Is it possible to deduce the shape of a drum from the sounds it makes?

This is the kind of question that Iosif Polterovich , a professor in the Department of Mathematics and Statistics at Université de Montréal, likes to ask. Polterovich uses spectral geometry, a branch of mathematics, to understand physical phenomena involving wave propagation.

Last summer, Polterovich and his international collaborators-Nikolay Filonov, Michael Levitin and David Sher-proved a special case of a famous conjecture in spectral geometry formulated in 1954 by the eminent Hungarian-American mathematician George Pólya.

The conjecture bears on the estimation of the frequencies of a round drum or, in mathematical terms, the eigenvalues of a disk.

Pólya himself confirmed his conjecture in 1961 for domains that tile a plane, such as triangles and rectangles. Until last year, the conjecture was known only for these cases. The disk, despite its apparent simplicity, remained elusive.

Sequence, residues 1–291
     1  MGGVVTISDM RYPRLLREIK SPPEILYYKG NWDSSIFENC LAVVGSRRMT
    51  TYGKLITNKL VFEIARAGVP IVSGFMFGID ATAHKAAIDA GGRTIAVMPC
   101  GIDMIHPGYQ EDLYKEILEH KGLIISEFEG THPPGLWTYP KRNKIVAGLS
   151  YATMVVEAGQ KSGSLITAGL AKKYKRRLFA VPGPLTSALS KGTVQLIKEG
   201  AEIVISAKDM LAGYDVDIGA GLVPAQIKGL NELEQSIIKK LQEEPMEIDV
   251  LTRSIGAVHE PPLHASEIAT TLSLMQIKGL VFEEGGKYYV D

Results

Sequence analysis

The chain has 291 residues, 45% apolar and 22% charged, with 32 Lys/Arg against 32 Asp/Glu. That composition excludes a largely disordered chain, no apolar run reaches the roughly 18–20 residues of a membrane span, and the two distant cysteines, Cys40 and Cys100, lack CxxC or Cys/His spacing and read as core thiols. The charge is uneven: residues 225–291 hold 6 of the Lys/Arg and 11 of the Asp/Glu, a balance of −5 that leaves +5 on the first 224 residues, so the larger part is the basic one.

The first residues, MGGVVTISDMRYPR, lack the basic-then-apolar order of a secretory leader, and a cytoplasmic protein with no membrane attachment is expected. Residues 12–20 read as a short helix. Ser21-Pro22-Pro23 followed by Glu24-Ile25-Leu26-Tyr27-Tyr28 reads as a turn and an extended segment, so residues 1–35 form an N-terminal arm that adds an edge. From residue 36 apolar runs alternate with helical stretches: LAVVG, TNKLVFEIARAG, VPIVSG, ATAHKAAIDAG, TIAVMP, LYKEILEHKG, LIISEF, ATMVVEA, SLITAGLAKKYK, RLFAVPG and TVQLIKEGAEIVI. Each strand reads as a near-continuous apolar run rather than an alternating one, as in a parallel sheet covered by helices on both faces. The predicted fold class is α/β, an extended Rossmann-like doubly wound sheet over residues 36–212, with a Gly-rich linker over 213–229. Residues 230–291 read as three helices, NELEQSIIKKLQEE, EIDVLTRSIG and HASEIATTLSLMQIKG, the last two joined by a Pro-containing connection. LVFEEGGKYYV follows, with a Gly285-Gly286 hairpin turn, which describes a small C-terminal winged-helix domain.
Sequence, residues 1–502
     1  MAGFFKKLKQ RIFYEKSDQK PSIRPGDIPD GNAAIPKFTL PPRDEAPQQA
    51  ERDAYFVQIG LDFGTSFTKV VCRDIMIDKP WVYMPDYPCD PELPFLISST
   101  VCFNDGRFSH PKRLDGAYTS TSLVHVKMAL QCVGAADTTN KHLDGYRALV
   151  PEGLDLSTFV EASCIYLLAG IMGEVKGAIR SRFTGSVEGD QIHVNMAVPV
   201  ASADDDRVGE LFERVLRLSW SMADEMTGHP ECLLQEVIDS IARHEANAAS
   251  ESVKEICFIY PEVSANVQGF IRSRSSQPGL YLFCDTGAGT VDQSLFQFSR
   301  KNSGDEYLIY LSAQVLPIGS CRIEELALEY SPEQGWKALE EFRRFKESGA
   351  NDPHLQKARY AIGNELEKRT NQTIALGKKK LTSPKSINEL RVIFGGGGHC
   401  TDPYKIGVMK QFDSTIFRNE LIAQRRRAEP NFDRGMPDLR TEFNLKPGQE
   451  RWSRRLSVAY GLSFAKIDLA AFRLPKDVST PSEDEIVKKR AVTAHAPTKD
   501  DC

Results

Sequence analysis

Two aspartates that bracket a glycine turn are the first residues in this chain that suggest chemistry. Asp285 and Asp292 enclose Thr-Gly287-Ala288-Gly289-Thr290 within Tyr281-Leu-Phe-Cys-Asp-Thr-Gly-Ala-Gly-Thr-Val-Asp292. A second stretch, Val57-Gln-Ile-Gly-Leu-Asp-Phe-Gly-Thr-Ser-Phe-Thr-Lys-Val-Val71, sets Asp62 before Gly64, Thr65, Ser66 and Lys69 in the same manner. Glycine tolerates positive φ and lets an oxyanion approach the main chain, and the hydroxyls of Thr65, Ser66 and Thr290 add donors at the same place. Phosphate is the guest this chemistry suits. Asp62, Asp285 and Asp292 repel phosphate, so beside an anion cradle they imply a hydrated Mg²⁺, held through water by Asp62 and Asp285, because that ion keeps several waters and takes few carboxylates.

"Imagine an infinite floor covered with tiles of the same shape that fit together to fill the space," Polterovich said. "It can be tiled with squares or triangles, but not with disks. A disk is actually not a good shape for tiling."

## The universality of mathematics

In an article published in July 2023 in the mathematical journal*Inventiones Mathematicae*, the researchers show that Pólya’s conjecture is true for the disk, a case considered particularly challenging.

Though their result is essentially of theoretical value, their proof method has applications in computational mathematics and numerical computation. The authors are now investigating this avenue.

"While mathematics is a fundamental science, it is similar to sports and the arts in some ways," Polterovich said.

"Trying to prove a long-standing conjecture is a sport. Finding an elegant solution is an art. And in many cases beautiful mathematical discoveries do turn out to be useful-you just have to find the right application."